[llvm-dev] [RFC] LLVM Security Group and Process
Arnaud Allard de Grandmaison via llvm-dev
llvm-dev at lists.llvm.org
Fri Jan 24 10:22:22 PST 2020
On behalf of the board, I'd like to acknowledge that given the growing
usage of LLVM in wildly different areas, having some structure or process
to address security aspects is important, if not critical, for the health
and success of the LLVM project as a whole.
The board will fully support this group, but will not "run" it, as this
does not fall in the Foundation's remits.
We believe this is mostly an entity thing (companies, distributions, ...),
and these are notoriously slow to react. It has to interact with their own
security groups and their internal processes (SDL, ...) ; the usually
active people on the mailing list are not necessarily the ones
interested in this topic.
Each security advisory being very specific (spectre is quite different from
stack protection), plus the LLVM projects spectrum growing overtime (f18,
mlir, libc, ...) makes us think that the people in that group are rather
well identified security aware / knowledgeable / trusted contacts points in
the entities (and used to deal with coordination amongst entities) rather
than deep technical experts (the former is mandatory, the second is nice to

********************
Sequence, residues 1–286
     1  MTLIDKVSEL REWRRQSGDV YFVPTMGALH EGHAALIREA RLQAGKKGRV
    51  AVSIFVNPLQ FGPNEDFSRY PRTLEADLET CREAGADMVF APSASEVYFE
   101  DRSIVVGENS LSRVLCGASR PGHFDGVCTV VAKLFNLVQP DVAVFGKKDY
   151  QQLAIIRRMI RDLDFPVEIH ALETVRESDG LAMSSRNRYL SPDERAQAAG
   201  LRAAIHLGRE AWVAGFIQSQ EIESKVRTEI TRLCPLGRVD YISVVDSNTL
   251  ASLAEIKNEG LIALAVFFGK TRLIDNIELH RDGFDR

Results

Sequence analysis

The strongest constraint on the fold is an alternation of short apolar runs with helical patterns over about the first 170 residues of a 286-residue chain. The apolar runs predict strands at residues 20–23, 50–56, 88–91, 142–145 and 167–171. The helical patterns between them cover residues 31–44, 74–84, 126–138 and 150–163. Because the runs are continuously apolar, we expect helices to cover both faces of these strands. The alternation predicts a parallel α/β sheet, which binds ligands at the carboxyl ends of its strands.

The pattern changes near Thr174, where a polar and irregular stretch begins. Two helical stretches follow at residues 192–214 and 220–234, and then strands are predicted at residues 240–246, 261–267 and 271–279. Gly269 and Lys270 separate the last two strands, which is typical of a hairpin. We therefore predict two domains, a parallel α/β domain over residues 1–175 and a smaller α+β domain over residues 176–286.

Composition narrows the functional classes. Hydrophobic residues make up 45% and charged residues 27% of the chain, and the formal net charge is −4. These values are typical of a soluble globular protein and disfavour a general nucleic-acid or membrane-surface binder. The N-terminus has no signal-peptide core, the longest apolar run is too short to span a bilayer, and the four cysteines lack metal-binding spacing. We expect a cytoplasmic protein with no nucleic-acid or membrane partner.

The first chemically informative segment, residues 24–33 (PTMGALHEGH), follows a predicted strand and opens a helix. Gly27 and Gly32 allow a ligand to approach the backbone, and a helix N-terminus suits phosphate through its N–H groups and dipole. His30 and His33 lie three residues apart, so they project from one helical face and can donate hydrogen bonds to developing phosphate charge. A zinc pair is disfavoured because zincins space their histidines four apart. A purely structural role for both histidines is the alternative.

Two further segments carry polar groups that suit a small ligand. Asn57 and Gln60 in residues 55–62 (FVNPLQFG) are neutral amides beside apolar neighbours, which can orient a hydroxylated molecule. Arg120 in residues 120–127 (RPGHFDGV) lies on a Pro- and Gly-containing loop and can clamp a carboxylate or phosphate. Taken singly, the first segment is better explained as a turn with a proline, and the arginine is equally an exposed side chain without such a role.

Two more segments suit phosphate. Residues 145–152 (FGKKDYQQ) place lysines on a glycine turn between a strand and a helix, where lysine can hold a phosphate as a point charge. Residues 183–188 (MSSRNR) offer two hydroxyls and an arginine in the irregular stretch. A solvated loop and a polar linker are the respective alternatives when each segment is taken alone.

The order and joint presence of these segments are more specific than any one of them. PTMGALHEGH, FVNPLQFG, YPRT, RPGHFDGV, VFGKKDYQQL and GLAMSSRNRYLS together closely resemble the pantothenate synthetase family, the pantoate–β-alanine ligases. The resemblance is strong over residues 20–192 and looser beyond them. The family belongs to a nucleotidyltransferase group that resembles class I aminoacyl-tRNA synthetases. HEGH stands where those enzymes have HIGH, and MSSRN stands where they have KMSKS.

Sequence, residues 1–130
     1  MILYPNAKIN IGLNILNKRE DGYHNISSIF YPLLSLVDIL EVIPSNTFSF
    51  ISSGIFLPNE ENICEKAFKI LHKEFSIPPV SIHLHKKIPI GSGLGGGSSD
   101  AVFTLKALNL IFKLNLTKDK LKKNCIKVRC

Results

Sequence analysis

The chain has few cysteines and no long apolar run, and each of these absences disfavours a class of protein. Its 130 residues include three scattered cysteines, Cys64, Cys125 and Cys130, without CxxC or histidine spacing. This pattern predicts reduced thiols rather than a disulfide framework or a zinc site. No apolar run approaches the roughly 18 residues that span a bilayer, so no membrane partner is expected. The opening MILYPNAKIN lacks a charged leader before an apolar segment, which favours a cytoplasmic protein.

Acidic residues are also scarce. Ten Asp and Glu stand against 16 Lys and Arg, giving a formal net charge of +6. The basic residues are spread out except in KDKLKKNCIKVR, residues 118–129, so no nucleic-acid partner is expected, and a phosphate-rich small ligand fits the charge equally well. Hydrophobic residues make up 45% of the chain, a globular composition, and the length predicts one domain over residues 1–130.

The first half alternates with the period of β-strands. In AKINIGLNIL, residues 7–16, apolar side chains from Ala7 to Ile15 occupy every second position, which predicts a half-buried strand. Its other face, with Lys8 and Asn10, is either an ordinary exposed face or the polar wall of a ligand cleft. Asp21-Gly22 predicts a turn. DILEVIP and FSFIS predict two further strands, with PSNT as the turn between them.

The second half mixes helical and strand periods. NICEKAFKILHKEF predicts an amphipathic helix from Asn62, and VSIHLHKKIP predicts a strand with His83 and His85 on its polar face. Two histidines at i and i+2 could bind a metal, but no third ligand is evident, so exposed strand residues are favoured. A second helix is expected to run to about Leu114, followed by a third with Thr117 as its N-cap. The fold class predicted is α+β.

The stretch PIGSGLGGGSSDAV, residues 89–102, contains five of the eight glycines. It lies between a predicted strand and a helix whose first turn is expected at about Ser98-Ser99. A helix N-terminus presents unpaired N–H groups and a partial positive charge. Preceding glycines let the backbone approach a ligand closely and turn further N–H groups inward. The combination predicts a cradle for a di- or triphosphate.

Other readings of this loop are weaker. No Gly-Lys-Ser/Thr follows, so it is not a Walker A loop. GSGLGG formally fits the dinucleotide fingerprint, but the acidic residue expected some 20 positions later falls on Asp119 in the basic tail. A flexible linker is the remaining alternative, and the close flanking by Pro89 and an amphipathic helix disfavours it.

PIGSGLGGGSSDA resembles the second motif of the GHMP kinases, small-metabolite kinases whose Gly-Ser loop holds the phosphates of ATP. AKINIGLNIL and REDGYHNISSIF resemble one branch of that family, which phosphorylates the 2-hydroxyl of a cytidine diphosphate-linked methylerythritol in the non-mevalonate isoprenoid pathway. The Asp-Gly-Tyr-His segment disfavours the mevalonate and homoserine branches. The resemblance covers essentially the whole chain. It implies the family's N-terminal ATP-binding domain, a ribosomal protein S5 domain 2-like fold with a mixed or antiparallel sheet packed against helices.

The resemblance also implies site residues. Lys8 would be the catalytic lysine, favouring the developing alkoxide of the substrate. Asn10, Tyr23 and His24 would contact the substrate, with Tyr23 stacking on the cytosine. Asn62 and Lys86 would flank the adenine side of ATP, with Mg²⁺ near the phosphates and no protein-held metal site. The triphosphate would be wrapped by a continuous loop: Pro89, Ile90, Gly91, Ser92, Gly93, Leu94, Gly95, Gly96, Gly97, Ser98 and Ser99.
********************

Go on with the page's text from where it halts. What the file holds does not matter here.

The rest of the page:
have). Actual technical experts spot-on the advisory under work will need
to be brought in on a need be basis by the security group. The board
believes the real benefit with this group is the coordination of the
security fix investigation and deployment amongst the different community
Finally, we believe it's best to begin with a small & motivated group,
laying the foundations, and then extend it on a need be basis.
On behalf of the board, I'd like to invite those who think their entity
should care about this proposal to prod the relevant person(s) in their
entity to comment on this proposal, preferably on the mailing list or
phabricator, but worst case directly to JF or myself.
Once we have some more comments / feedback, we can think of committing this
policy, and forming an initial group.
From: Serge Guelton via llvm-dev <llvm-dev at lists.llvm.org>
> Date: Thu, Jan 9, 2020 at 4:55 PM
> Subject: Re: [llvm-dev] [RFC] LLVM Security Group and Process
> To: JF Bastien <jfbastien at apple.com>
> Cc: llvm-dev <llvm-dev at lists.llvm.org>
> Hi JF,
> Answering your question both as an individual and with a red hat:
> > Should we create a security group and process?
> Yes! That's a good starter, and some bits of formalization are likely to
> be beneficial.
> > Do you agree with the goals listed in the proposal?
> > At a high-level, what do you think should be done differently, and what
> do you think is exactly right in the draft proposal?
> I like the non-intrusive coordination aspect. It also helps to have a
> group to speak with for responsible disclosure.
> The dispatch mechanism to actual developers is unclear. Do they need to be
> part of the group? How are thy contacted / based on which criteria?
> > Our approach to this issue:
> > 1. Are you an LLVM contributor (individual or representing a company)?
> yes and yes (Red Hat)
> > 2. Are you involved with security aspects of LLVM (if so, which)?
> In the past: yes, building an obfuscating compiler based on LLVM.